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Only the two-particle systems (P,e), (p,e), (p,E) and (P,E) can build bound states; all other two-particle systems cannot build bound states.
The two-particle systems (e,p) and (P,E) have the gravitational masses zero, mg =0. If the inertial masses, mi, are also zero these states are to be called as neutrinos. The sizes of the neutrinos are 0.703∙10^-13 cm, respectively 0.383 ∙10^-16 cm.
The (P,e)-system can build the hydrogen atom at the bound energy of 13.8 eV, the stable neutron N0 at 2.04 MeV bound energy with the size of 0.702∙10^-13 cm. If the bound energy of the (P,e)-system is E(bound) = (mP + me) ∙c^2, the inertial mass is zero and this state has the size of 0.382 ∙10^-16 cm.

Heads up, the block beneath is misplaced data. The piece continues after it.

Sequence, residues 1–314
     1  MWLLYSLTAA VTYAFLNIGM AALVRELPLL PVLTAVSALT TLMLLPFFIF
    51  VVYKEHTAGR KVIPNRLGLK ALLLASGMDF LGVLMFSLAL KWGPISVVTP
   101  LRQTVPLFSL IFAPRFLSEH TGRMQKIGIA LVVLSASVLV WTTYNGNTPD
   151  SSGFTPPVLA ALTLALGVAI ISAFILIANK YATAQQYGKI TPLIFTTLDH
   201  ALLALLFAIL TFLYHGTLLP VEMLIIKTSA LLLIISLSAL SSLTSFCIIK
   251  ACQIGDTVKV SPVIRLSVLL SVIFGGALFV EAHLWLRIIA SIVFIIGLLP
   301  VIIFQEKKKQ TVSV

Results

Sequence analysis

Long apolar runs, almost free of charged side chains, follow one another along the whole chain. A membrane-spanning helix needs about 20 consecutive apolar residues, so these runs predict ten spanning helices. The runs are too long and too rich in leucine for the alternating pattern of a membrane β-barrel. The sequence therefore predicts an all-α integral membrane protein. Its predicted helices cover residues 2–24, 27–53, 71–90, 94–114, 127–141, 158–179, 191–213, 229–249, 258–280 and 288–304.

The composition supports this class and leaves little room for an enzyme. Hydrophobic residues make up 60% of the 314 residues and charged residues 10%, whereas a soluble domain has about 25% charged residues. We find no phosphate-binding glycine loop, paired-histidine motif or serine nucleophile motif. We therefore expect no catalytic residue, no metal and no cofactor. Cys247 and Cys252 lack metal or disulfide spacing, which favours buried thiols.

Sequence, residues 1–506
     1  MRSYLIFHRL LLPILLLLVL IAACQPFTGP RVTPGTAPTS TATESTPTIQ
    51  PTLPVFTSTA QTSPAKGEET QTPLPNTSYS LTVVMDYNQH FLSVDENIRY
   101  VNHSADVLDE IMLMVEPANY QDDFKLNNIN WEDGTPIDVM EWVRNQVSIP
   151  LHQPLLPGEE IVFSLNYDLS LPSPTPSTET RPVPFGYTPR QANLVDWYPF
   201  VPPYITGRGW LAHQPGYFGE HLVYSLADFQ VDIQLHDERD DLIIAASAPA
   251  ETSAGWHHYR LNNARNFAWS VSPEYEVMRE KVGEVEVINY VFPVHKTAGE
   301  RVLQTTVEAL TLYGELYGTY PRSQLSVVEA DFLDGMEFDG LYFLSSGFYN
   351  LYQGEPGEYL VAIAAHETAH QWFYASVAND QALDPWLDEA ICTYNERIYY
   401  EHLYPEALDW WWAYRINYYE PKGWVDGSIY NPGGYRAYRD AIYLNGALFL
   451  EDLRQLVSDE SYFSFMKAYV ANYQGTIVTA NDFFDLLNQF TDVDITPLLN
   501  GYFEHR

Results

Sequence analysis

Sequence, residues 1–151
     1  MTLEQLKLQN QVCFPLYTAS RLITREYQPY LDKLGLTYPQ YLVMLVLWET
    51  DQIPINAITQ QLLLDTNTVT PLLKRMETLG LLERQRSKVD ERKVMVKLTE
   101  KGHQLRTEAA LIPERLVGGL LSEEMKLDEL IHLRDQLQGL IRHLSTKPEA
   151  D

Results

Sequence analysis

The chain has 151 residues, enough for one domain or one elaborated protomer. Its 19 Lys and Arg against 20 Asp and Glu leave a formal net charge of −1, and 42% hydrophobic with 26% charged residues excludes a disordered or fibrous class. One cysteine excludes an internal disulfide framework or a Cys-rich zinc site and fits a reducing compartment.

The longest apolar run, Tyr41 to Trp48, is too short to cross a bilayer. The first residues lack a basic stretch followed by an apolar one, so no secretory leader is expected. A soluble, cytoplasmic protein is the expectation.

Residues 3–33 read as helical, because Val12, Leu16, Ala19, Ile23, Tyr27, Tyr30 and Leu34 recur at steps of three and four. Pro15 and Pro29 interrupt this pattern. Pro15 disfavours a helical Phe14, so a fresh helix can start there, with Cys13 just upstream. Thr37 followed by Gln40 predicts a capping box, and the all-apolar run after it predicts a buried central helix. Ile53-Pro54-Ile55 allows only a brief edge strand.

The approach of two particles in the bound states cannot be less than 0.382 ∙10^-16 cm; the stable elementary particles do not annihilate.
The energy-mass equivalent relation of Einstein, E = m∙c^2 is generally not valid; a particle system with the mass m can only radiate the energy E = m∙c^2 if before the radiation the bound energy was E = m∙c^2. But also in this state the elementary particles, e, p, P and E, are present.